I thank the hon. Gentleman very much for his intervention. It gives me a chance to say that Motherwell Football Club Community Trust does very good work because it is able to reach groups that other organisations cannot reach, such as men who have not worked or men with drug problems, by bringing them into the stadium. Generally it is men they bring in, although I hope to buy a half-price season ticket in the new year.
I, too, have been doing a lot of work on universal credit. It has been rolled out in North Lanarkshire for about nine months now, and we had the manager who was responsible for its introduction in Lanarkshire at one of our Poverty Action Network meetings. I have to say that some of what she said did not chime with the reality of what has happened, but I do not blame her personally. Nevertheless, there are still real differences and real challenges to be met, because universal credit is causing great hardship, both for those who receive it and for North Lanarkshire Council, whose rent arrears have risen astronomically.
In fact, one of the things that has most made me proud, and most made me upset, is that in the last two weeks I have been to food bank drives—I ran one myself in Motherwell town centre and the local Tesco ran one, too—and when I spoke to the fundraiser in Tesco, she said, “Marion, we don’t even have to tell them what to do. We don’t need to hand out the leaflets. They know what to buy, and they buy it in bulk. And it’s often those who have the least who help the most.” I pay tribute not only to my own constituents, but to constituents all over the UK who make these donations. And may I just say that in the 21st century, it is shameful indeed that we need to do this?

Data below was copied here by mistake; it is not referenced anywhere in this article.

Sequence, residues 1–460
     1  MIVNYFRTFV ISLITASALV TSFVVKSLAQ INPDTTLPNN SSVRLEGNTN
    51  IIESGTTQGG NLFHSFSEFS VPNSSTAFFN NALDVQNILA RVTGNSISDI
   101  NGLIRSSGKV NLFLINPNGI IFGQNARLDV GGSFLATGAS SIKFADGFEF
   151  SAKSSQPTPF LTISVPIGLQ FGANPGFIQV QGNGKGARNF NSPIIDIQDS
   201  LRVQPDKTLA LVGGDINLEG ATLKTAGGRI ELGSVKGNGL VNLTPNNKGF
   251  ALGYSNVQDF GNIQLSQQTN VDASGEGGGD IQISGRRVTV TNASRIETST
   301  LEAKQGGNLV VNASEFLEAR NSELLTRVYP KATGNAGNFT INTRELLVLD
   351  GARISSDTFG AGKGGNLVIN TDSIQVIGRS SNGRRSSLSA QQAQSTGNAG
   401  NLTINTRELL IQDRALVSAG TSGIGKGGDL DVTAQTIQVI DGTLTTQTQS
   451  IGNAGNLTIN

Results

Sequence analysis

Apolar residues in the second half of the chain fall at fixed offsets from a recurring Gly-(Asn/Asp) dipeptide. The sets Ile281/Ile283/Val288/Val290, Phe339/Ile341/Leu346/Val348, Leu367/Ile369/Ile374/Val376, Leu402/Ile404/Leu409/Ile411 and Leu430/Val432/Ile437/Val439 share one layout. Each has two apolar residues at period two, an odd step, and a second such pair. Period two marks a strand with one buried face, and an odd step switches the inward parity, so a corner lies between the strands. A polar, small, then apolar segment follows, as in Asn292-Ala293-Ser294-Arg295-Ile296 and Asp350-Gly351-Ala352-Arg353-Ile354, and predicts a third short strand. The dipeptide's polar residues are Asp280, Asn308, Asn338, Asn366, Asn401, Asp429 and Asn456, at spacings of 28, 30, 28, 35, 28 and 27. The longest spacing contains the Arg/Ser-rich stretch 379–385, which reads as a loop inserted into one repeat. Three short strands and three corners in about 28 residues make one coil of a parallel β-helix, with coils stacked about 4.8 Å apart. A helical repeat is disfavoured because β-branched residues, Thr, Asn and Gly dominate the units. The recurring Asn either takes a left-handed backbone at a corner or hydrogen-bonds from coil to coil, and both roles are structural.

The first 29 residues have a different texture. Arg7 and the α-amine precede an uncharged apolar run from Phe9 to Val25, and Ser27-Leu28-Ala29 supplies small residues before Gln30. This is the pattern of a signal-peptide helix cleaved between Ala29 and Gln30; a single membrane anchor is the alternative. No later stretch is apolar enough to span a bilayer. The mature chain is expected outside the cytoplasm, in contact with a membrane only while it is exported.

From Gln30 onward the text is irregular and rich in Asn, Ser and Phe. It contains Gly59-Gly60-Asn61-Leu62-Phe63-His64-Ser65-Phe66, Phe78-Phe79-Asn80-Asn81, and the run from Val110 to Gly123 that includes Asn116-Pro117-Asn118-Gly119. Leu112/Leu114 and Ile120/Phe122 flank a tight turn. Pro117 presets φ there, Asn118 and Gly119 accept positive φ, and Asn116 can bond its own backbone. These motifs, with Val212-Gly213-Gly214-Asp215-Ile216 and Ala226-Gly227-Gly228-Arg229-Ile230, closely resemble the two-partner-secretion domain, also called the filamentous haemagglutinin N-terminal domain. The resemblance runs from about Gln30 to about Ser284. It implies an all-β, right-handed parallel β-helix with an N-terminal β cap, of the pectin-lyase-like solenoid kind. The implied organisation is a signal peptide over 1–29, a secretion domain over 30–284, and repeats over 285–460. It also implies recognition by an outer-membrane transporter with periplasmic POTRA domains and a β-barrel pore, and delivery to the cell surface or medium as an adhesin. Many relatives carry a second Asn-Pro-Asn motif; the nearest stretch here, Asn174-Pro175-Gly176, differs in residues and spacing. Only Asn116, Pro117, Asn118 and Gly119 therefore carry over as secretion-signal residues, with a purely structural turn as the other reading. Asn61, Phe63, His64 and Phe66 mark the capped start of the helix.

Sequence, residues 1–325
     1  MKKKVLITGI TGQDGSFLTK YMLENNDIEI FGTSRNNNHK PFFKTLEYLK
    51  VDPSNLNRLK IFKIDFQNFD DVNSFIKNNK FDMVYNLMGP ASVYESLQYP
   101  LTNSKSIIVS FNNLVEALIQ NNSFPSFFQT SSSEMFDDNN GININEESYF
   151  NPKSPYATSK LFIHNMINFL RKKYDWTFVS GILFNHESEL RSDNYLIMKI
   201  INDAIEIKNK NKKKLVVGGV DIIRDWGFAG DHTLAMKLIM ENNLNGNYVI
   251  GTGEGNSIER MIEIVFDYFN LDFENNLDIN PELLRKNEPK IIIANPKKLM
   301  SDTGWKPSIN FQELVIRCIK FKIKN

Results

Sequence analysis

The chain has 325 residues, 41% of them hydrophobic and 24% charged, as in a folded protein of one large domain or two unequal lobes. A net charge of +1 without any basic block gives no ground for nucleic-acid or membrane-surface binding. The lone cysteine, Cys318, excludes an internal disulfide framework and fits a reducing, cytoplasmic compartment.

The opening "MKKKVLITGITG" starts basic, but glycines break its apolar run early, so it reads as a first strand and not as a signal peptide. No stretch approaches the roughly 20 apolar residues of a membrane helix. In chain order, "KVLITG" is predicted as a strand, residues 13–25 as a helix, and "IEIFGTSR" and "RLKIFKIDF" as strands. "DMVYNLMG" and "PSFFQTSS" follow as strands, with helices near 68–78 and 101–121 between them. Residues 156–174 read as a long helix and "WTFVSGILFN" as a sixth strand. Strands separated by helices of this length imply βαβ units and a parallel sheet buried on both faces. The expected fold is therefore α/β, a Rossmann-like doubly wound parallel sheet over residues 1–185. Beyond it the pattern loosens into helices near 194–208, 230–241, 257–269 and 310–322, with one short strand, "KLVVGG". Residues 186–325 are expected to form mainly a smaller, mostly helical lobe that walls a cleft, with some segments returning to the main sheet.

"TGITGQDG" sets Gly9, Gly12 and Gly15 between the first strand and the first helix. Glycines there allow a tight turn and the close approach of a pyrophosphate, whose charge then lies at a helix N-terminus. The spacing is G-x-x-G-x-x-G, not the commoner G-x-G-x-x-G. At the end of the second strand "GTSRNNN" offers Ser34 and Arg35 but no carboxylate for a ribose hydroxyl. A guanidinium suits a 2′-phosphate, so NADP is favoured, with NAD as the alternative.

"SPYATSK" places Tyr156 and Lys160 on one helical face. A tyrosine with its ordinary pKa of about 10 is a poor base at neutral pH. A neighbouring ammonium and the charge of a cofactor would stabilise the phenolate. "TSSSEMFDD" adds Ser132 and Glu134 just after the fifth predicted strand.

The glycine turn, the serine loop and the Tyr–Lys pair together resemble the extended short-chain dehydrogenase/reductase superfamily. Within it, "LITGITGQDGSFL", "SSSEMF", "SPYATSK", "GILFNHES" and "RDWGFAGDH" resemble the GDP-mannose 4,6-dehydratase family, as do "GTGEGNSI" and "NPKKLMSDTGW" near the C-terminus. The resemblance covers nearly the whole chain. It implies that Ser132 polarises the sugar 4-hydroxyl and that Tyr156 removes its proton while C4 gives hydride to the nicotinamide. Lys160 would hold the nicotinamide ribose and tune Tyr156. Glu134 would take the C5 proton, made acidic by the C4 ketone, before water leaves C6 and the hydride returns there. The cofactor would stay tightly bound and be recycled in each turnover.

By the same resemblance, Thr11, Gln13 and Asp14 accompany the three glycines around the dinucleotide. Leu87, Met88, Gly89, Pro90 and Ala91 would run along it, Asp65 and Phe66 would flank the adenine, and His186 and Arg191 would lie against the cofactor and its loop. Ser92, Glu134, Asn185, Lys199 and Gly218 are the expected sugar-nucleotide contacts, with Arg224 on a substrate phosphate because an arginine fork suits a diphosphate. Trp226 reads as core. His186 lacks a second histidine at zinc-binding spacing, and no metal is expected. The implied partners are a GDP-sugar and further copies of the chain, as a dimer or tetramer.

Mr Robertson, I have tested your indulgence, and I want to make sure that both Karin Smyth—the Opposition spokesperson—and the Minister get a chance to contribute to this debate, so I will stop there.